Speaking with Lawyers Weekly, Tony Holland (pictured), who is heading up the firm’s Diversity Steering Committee, said understanding and respecting foreign cultures should be top of the agenda for both firms and their clients as the legal market globalises.
“Clients are moving offshore and doing more international work, and it’s critical for them to understand the different cultures in the regions [they] operate ... the same goes for us lawyers working with international clients.”
Holland revealed that the firm recently conducted ‘cross-cultural communication workshops’ in the Middle East to educate lawyers on the region’s cultural nuances. The firm plans to conduct similar sessions in Asia, where buoyant market conditions have meant more work for both DLA Piper and its clients.
“We want to ensure our people understand the cultural issues across the Asian countries in which we’re working,” Holland explained. “It’s important to know how we, as foreigners coming in, should behave and show respect for local people.”
Cultural awareness is also important within a firm, particularly those merging with international partners, Holland continued. He described DLA Piper, which has 77 offices across 31 countries, as “having so many different cultures and backgrounds which need to be respected”.
DLA Piper established its Diversity Steering Committee in 2011 and, that same year, started developing its 2014 Diversity Strategy. While Holland admits the firm has not set quotas, one of its ‘diversity targets’ is to see women comprise 15 per cent of location heads by 2014.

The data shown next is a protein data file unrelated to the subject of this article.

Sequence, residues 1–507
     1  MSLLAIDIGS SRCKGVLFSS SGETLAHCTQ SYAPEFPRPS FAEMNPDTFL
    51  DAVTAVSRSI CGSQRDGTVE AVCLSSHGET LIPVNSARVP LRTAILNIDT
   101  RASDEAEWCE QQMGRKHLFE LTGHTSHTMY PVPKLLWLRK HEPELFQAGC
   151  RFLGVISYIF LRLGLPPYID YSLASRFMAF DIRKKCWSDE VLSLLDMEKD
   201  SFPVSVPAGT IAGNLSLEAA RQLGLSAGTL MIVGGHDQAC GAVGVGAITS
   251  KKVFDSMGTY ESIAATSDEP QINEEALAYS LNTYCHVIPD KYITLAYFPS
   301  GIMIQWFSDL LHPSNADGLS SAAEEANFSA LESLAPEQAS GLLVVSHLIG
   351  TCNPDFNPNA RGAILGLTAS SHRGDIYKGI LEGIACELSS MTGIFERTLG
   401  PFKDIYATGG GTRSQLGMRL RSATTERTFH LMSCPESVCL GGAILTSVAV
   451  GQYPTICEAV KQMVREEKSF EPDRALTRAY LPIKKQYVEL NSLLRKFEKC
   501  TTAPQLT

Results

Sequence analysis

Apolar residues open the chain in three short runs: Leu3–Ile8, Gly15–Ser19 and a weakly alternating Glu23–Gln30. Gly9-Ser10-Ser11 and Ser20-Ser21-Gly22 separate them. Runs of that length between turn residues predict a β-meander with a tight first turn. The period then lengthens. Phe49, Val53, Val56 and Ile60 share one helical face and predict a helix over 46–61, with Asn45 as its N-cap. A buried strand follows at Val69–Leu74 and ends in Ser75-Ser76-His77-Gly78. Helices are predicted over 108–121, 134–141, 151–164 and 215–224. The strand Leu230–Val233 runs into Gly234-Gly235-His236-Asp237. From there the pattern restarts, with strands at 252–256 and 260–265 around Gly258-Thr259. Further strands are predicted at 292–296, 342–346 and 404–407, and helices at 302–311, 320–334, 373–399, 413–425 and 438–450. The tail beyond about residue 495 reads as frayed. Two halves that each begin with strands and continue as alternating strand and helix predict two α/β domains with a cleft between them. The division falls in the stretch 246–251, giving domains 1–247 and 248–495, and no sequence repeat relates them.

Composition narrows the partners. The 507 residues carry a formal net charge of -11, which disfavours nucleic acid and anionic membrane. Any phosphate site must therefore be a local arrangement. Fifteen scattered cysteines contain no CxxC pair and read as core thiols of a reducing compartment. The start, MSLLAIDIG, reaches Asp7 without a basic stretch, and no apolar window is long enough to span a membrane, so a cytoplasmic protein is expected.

“Increasing female partner numbers and representation in leadership positions is a conscious plan we’ve put in place,” he said, adding that similar targets have not been set in relation to culture, race or religion.
Women currently represent 22 per cent of the partnership and 62 per cent of management roles (both legal and non-legal).
Prior to the launch of its diversity strategy, DLA Piper conducted a series of interviews with staff to identify issues within the firm that, if addressed, would have the greatest impact on diversity. Holland revealed that the surveys, which highlighted ‘unconscious gender bias’ as a key challenge, “were somewhat surprising”.
Further surveys will be conducted to measure engagement with the program and progress in addressing issues such as gender or cultural bias.
Holland stressed that implementing diversity policies should not be solely the responsibility of partners, which is why the firm has expanded its leadership and unconscious bias programs to special counsel and senior associates.
DLA Piper’s 2014 Diversity Strategy also includes: focus groups and workshops on flexible work practices; a mentoring program; diversity values incorporated into recruitment guidelines, succession planning and leadership training, and exit interviews including specific questions around equal opportunity, sex-based harassment and other workplace issues, with monthly trend analysis reported to the management team.